MINDFUL SEX: WHAT IS IT AND HOW IS IT DIFFERENT FROM CONVENTIONAL SEX?

Mindfulness is about paying attention to the present moment; while the term has typically been applied to mental wellbeing, it has now slowly transmogrified its way into intimacy.

‘Mindful sex’ might sound like the premise for an episode of Black Mirror-meets-Sex and the City, but the concept is fairly simple: have sex and think of nothing else i.e. do not allow your mind to drift into to-do list territory as your partner is about to climax.

According to sex and relationship therapists, practising mindful sex can significantly boost physical and emotional health by enabling people to fully focus on their bodily sensations, resulting in a more rewarding sexual experience.

Much like meditation, mindful sex is about focusing in on the minutiae of what you are doing at the particular moment in time: zoning in on the here and now as opposed to the before and after.

“It is about allowing and giving yourself the time and space to enjoy and experience the sex you are having,” explains Kate Moyle, psychosexual and relationship psychotherapist.

“Being present is key – so often in life we are distracted and rarely give something our full attention, meaning that we miss out on so much,” she tells The Independent.

Our reluctance to focus on one thing at a time could be particularly detrimental when it comes to sex and could be behind the growing numbers of sexual dissatisfaction in the UK, something that is prevalent in millennial women.

In June, a Public Health England survey revealed that 49 per cent of 25 to 34-year-old women reported a lack of sexual enjoyment.

One reason for the widespread lack of sexual satisfaction, as suggested by couples therapist Diana Richardson, whose TEDx talk on ‘The Power of Mindful Sex’ has been viewed more than 180,000 times, could be that too many of us perceive sex as an exclusively goal-orientated exercise.

Viewing sex as a means to an end via orgasm can create performance anxiety and lead to a lack of intimacy, she says.

This is the opposite of what mindful sex propagates, which Richardson describes as “more like you being sex rather than having sex”.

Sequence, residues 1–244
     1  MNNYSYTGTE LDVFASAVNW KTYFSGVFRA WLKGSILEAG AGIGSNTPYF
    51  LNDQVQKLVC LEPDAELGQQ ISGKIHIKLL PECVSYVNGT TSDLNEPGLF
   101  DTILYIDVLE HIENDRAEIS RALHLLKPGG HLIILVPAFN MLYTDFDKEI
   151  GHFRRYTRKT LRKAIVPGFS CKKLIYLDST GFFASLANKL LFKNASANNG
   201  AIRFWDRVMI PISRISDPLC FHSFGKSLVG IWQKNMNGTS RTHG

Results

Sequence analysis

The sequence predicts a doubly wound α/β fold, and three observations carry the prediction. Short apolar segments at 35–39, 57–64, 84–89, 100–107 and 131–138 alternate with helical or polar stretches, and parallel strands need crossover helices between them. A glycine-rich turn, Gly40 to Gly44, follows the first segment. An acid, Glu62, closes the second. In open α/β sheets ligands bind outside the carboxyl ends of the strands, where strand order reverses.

Re-framing your perception of sex in this manner can be incredibly liberating, alleviating all sorts of anxieties one has about sexual prowess and body image, explains award-winning sex and relationships expert Alix Fox.

“People who are having more mindful sex themselves are also more likely to be better partners, and offer more satisfaction in the sack,” she tells.

Fox works with Japanese sex toy brand Tenga, who recently produced a ‘Global Pleasure Report’ which surveyed over 13,600 respondents aged 18-74 over 18 countries.

It found that men who, as they put it, ‘feel more’ – those who are more in touch with and expressive of their emotions; more comfortable and connected with their bodies; and more compassionate and empathetic towards others – received far more positive reviews of their ‘erotic abilities’ from lovers, Fox explains.

These findings go against archaic stereotypes of masculinity, which advocate stoicism and emotional detachment with regards to sex.

“The suggestion here is that both partners would benefit better from feeling able to be more honestly in touch with themselves. Practising mindfulness can help greatly with that,” she adds.

In terms of how one can have sex mindfully, it’s not as simple as saying a few “oms” prior to penetration.

“Pay a lot of attention to how your body is responding during sex,” advises Peter Saddington, counsellor and sex therapist at relationship support charity Relate.

 

 

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